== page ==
I did not ever say that any of the animals you mentioned were listed as endangered – I just suggested that you may want to check some of the facts. Julie MacDonald. Political appointee to the Dept. of Interior. Intimidating and overruling the scientific studies that would have listed the sage grouse. Resigned after her antics were repeated enough times to catch the attention of several people including a federal judge. Are you remembering any of this? I think it also bears mentioning that pronghorn have disappeared from all but a fraction of their original range here in the Eastern Sierra and a great deal of effort has been made to increase their numbers in the Bodie Hills and elsewhere in the region. Should we have to wait for the corrupt agencies that play politics with these species to label them as nearly gone?

    I am curious – what kind of “biologist” are you? Who pays your salary?

     
    • Mark July 29, 2011 at 8:23 pm #

      @HiSierraGal:
      Responses to your thorough statement:

      #1) You are correct, Federal land is for everyone however; that also includes mining companies. The BLM’s mission statement is “To sustain the health, diversity and productivity of the public lands for the USE and enjoyment of present and future generations.” Please note, USE is the first component of their statement and did you know that the primary source of revenue for the BLM nationwide is oil and gas leases on federal land? Do you know that MOST of the local mining claims around the E Sierra are on Federal/BLM lands and you’re not aware of how many already exist in wilderness areas? That when Death Valley NP was created, Congress specifically EXCLUDED and cherry stemmed in existing mining rights that are current and valid in perpetuity despite the status of the Park? Are you expecting that the U.S. continue to mine other nations, employing their nationals, and send more American money oversees when this nation has an extraordinary amount of mineral wealth that is untapped? If so, that is the quintential definition of NIMBY. And DESPITE the noticeable LOCAL oppostion to the wilderness act, it was still approved by NON-LOCALS in Congress and Southern California, those who AREN’T directly affected. Non-locals telling locals how to use their backyards?…..the wilderness land grab is very similiar to the ownership of local land by the City of LA and telling locals that the water that’s in their backyards ISN’T theirs and that an outside agency regulates our local lives. That being the case, if a Federal agency (by the people) has decided to lift the Bodie’s WSA designation that is a decision by the public….yet the Friends of the Inyo have specifically stated regarding this exact topic that the Bodie Hills WSA designation should be handled at the local level, now I’m confused…..Wilderness designations should be decided upon by the people of the US, unless it’s regarding its elimination? And that should be at the local level? You can’t have it both ways.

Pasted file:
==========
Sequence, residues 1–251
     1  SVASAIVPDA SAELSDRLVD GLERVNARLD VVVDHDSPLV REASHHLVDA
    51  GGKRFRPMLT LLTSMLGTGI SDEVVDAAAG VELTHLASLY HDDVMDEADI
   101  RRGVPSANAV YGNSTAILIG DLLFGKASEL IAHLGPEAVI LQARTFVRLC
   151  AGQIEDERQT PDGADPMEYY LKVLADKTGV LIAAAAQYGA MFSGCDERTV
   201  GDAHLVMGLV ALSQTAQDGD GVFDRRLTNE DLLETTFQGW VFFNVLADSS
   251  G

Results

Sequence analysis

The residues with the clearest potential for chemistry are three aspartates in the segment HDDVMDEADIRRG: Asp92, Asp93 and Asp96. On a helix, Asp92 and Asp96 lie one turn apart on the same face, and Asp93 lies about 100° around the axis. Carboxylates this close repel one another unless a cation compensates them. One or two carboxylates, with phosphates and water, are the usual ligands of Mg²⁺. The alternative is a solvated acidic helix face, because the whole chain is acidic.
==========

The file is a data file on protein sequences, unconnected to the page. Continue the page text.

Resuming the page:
#2) I’m NOT chosing to ignore the “general state of the economy” and never once did, what I stated was that the vocal minority of pro wilderness advocacy’s primary rationale for wilderness was the arguement that wilderness creates tourism and jobs. In this area where tourism is the primary industry there is no proof that wilderness has created a boom in the local economy since its designation; that’s all I stated. I never once tied that to the current economic climate, you did.